Embedding Health, Safety, Security and Environmental Management (HSSE) into land and property pre-possession planning
Compulsory acquisition of land and property raises Health, Safety, Security and Environmental (HSSE) challenges. The usual due diligence that would occur in an open market transaction does not typically occur. This means HSSE issues may not be known before taking possession.
To provide earlier insight of HSSE risks, the land acquisition process embedded HSSE information requirements into pre-possession planning. This includes explicitly asking stakeholders about HSSE risks prior to notices being issued. Also, landowners and occupiers are now systematically asked to provide information about HSSE risks when they are issued a notice for acquisition.
This paper will be of interest to project teams managing land and property possession through compulsory acquisition
Background and industry content
An initial challenge for the mobilisation of any major infrastructure project is the acquisition of land and property. The usual due diligence that would occur in an open market transaction does not typically occur. This means health, safety, security, and environmental management (HSSE) issues may not be known before taking possession.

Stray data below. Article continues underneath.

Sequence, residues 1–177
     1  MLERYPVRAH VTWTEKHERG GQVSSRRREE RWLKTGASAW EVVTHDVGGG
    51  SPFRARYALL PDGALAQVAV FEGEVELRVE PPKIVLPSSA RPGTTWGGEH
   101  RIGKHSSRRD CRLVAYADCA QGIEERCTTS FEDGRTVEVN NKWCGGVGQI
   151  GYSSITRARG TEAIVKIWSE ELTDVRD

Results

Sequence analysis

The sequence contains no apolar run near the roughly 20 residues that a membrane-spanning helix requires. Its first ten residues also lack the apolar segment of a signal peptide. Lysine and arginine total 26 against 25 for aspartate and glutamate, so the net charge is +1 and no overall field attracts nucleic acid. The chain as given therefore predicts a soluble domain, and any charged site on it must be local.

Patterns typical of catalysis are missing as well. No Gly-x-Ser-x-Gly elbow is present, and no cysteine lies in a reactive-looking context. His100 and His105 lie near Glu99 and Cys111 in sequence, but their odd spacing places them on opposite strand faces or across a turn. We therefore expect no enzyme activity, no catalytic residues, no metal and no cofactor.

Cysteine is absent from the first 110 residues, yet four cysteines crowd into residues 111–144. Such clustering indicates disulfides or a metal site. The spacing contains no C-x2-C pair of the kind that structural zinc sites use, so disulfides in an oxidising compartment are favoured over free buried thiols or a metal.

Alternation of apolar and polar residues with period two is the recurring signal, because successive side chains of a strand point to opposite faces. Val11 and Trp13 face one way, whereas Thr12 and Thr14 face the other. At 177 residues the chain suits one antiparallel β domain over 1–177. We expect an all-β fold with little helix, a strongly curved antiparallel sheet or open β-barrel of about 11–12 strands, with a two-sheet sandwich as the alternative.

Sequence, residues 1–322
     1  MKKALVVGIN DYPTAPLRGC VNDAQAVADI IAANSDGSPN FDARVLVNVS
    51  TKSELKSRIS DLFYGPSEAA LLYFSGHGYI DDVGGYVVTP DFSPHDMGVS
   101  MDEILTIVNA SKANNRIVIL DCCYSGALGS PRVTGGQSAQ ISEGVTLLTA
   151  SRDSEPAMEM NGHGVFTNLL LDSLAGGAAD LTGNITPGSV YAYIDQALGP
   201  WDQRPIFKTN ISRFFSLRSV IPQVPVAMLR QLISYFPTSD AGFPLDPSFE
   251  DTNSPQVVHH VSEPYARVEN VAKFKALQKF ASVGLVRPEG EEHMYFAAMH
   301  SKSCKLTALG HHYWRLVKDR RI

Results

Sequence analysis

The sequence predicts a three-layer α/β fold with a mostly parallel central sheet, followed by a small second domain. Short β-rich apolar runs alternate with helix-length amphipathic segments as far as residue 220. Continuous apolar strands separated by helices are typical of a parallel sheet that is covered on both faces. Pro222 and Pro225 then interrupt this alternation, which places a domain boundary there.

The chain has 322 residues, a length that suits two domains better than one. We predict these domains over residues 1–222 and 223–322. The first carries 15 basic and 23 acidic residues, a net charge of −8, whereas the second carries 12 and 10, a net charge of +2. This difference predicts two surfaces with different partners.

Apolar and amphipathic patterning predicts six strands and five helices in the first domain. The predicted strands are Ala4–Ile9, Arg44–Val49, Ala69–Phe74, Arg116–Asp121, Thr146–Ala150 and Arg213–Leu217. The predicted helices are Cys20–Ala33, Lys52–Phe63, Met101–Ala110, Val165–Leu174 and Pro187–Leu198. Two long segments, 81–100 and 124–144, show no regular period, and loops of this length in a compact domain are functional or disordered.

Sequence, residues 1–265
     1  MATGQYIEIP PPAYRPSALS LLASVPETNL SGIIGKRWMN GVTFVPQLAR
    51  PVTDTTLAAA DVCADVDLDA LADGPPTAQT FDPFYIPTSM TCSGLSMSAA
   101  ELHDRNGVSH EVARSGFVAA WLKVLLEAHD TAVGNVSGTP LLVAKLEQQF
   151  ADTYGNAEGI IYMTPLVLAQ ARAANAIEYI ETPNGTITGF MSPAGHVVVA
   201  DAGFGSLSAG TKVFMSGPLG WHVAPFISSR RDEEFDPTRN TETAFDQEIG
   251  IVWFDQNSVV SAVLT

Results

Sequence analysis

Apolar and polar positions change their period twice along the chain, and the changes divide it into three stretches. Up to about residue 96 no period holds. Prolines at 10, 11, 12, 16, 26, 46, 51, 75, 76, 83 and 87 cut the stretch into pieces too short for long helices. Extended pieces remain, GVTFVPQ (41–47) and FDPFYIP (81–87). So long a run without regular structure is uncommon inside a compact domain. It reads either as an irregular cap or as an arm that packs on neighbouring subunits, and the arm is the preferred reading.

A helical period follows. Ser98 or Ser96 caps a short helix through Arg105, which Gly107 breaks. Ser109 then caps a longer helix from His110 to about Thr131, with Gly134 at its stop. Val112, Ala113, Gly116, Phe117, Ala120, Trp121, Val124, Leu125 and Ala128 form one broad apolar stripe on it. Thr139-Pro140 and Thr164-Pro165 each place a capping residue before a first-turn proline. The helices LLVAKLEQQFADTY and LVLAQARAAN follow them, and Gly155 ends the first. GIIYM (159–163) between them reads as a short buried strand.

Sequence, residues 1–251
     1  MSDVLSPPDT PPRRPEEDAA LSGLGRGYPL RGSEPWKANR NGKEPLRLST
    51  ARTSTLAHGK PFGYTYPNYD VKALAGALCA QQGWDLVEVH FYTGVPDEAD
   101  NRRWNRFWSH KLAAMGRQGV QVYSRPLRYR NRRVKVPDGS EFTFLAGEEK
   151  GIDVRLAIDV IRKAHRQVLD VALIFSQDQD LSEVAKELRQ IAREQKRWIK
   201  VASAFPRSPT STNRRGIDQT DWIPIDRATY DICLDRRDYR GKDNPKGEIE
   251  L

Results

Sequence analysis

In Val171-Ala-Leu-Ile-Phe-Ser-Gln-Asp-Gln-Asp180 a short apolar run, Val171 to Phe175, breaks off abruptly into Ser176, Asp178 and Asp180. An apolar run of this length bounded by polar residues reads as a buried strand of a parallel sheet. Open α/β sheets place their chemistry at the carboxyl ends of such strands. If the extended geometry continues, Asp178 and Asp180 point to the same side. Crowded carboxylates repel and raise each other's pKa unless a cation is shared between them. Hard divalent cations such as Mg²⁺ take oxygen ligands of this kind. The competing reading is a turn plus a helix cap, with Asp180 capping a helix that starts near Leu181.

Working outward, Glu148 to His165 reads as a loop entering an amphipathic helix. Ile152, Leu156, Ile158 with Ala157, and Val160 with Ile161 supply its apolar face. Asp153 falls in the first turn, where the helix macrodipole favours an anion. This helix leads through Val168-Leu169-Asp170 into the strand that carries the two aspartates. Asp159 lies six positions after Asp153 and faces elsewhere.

In a typical open market setting background searches and information requests form part of standard processes. However, where the land or property is acquired through compulsory acquisition two-way open dialogue with vendors may not be effective.
With the requirement for the Client to provide pre-construction information under the CDM (2015) regulations and the need to understand the risks associated with a site, embedding HSSE risk mitigation as part of pre-possession planning is vital to ensure the safe and secure access, acquisition, and subsequent construction activities.
Developing the process
Within HS2 the solution was tackled through embedding HSSE information gathering and assurance as part of the standard acquisition process. This process is initiated by a contractor submitting a request for land (within the limits set out within the HS2 Act). For each land parcel an Assurance Workbook (link) is created to identify, monitor and record that all relevant considerations, checks and assurances will be undertaken. This process was reviewed and HSSE integrated at relevant stages as shown in figure 1 below:
As part of a development in this process an additional a series of questions have been included for each party to answer, relating to the presence of HSSE risks associated with the site, e.g. asbestos, contaminated land, water courses or protestors. Any identified risks are entered into the Assurance Workbook and rated in accordance with table 1 below. Risks are entered by all parties involved in the acquisition process based on any information they have obtained during the acquisition process or as part of any site visits, this can include contractors, project teams acquisition managers, community engagement, interface managers or land referencing agents.